All About Estates

Can a Drunk Clearly Consent?

By now many are familiar with the story reported in the National Post on March 2, 2017 by Ashley Csanady and the subsequent public outrage and calls for appeal in the Nova Scotia acquittal of a case of alleged sexual assault of a young woman intoxicated in the back of a taxi. For those unfamiliar with the story, a police officer had found the female complainant naked from the breasts down in the back seat of a taxi, extremely intoxicated and unconscious with her legs propped up on the front passenger seat. The accused taxi driver was found with his pants partially down holding the woman’s urine soaked tights and underwear.

The complainant’s blood alcohol level was between 223 and 244 mg of alcohol in 100 mL of blood. In Ontario and the rest of Canada, the maximum legal blood alcohol concentration for driving is 80 mg of alcohol in 100 mL of blood. An expert testified during the trial that the complainant was drunk enough to both forget events and lose track of her surroundings. However, another expert claimed that she may have been capable of being able to direct, ask, agree or consent to any number of different activities.

Nova Scotia Judge Gregory E Lenehan noted that while the complainant was unconscious when the police constable found her and therefore unable to consent, it is unknown when she passed out and that she may have consented to a sexual encounter before losing consciousness and that the prosecutor “failed to produce any evidence of lack of consent.” The judge acknowledged that someone “who is unconscious or so intoxicated as to be incapable of understanding or perceiving the situation that presents itself cannot provide consent under Canadian law; …“this does not mean, however, that an intoxicated person cannot consent to sexual activity, clearly a drunk can consent.”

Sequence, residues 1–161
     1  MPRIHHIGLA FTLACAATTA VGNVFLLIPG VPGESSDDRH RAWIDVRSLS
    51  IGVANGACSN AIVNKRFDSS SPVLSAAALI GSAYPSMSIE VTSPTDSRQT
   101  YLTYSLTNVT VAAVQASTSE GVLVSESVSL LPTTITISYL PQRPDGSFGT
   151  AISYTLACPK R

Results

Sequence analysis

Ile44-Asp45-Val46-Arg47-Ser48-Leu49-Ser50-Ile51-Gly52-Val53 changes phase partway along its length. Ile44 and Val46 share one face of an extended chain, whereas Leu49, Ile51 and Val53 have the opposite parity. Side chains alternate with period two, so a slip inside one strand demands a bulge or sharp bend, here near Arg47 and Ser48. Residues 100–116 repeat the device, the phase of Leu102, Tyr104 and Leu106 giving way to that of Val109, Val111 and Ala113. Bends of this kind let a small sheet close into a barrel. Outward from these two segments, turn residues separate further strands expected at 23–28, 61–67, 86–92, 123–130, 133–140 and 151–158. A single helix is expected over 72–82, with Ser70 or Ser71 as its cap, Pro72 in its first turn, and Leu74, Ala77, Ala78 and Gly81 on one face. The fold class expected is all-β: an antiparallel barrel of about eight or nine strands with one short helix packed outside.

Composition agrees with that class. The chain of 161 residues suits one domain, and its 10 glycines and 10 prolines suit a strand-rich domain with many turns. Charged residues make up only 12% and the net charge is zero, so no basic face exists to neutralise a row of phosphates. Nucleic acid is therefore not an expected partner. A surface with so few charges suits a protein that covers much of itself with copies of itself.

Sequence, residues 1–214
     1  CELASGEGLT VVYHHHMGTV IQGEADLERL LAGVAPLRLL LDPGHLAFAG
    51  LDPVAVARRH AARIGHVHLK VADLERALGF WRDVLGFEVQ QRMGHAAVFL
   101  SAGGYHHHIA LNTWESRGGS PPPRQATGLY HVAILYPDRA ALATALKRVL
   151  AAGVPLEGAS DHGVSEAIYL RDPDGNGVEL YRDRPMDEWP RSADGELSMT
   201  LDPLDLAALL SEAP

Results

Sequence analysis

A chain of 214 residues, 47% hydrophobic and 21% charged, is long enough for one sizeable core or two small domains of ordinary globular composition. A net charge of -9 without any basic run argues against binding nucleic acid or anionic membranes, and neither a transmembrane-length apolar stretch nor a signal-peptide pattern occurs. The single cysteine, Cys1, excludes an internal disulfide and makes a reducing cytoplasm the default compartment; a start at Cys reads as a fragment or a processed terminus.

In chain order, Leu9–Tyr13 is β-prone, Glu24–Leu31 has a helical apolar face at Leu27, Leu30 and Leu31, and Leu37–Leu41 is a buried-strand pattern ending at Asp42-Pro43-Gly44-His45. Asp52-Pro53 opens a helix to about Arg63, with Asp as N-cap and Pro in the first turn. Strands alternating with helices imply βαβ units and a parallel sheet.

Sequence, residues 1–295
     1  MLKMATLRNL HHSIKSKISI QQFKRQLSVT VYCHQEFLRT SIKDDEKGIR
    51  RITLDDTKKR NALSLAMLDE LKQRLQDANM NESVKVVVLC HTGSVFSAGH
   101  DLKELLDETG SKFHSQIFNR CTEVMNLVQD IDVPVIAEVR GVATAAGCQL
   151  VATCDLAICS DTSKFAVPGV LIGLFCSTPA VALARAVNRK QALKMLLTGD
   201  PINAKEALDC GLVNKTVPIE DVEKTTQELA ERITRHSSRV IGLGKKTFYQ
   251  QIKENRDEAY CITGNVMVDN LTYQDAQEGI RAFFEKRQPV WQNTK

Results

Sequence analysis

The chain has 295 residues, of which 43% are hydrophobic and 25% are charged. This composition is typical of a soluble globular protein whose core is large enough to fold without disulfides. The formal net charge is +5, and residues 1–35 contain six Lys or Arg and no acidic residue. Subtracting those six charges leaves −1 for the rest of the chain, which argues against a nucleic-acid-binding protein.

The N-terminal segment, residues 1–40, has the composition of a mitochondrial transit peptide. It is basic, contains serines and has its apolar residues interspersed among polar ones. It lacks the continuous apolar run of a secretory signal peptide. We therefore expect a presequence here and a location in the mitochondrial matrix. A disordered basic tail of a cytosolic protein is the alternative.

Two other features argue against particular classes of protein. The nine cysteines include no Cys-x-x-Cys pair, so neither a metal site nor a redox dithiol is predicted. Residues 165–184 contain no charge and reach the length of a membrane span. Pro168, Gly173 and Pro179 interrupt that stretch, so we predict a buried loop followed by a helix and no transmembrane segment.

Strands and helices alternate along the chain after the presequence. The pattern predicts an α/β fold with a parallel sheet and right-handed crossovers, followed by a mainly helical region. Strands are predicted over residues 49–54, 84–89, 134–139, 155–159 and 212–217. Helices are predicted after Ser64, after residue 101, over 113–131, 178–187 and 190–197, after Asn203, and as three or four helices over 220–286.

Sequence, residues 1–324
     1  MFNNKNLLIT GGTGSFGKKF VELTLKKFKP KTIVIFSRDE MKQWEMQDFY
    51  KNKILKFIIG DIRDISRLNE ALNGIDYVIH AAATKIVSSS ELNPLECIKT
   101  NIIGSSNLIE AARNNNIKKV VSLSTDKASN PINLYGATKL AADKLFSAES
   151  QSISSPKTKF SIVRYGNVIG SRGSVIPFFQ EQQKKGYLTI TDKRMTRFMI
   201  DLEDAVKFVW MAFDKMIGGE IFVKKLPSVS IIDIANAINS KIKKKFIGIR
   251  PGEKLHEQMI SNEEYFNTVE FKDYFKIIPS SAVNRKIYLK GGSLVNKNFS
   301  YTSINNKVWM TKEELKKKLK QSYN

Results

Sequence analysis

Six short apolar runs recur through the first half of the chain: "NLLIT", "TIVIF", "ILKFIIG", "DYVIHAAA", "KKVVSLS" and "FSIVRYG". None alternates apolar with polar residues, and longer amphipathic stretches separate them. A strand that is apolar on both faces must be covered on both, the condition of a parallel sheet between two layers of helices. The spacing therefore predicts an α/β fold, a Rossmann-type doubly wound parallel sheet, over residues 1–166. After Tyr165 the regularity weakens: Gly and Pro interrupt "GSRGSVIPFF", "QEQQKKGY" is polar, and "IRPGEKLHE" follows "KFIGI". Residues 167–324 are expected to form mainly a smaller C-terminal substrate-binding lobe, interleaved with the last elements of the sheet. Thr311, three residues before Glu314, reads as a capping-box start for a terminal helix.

As pointed out in a column by Christie Blatchford in the National Post the next day, she acknowledges that sexual activity and alcohol consumption are often interconnected and perhaps people can capably consent to sexual activity despite being intoxicated.

Capacity to consent is task or decision specific. Two equally essential cognitive tasks apply to capacity evaluation in respect to the decision making process for the required task:

  1. The ability to understand information relevant to making the decision.
  2. The ability to appreciate the consequences of making the decision or not. Appreciation requires realistic appraisal of risks, benefits and outcome as well as justification of choice.

Capacity is also time and situation/context specific. I suggest that in this case the complainant while severely intoxicated entered into a contractual relationship with the taxi driver to transport her from her original location to a stipulated destination. Ms. Blatchford reported that the duration of that contractual agreement had only been 11 minutes when terminated by the police constable who found the car parked and the complainant unconscious, semi-naked and with the taxi driver displaying evidence of suspected criminal activity. In my opinion, there is no reasonable line of thinking to suggest that the nature of that contractual agreement included any type of personal relationship or sexual contact. There is no situation/context specific aspect of the relationship between the complainant and the taxi driver to even warrant an argument for capacity evaluation in my opinion.

As reported by Joanna Smith of the Canadian Press in the National Post on March 20, 2017, a report from the House of Commons Committee on the Status of Women suggests all judges and RCMP officers should undergo mandatory training on gender-based violence and sexual assault. Similarly, Interim Conservative Leader Rona Ambrose is proposing a private member’s bill known as the JUST Act to ensure lawyers who would become judges are better trained in sexual assault law. I congratulate these efforts.

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About Dr. Richard Shulman
Dr. Shulman is a geriatric psychiatrist at Trillium Health Partners and is an assistant professor at the University of Toronto. He is medical director of the Capacity Clinic and available for independent medical-legal capacity assessments.


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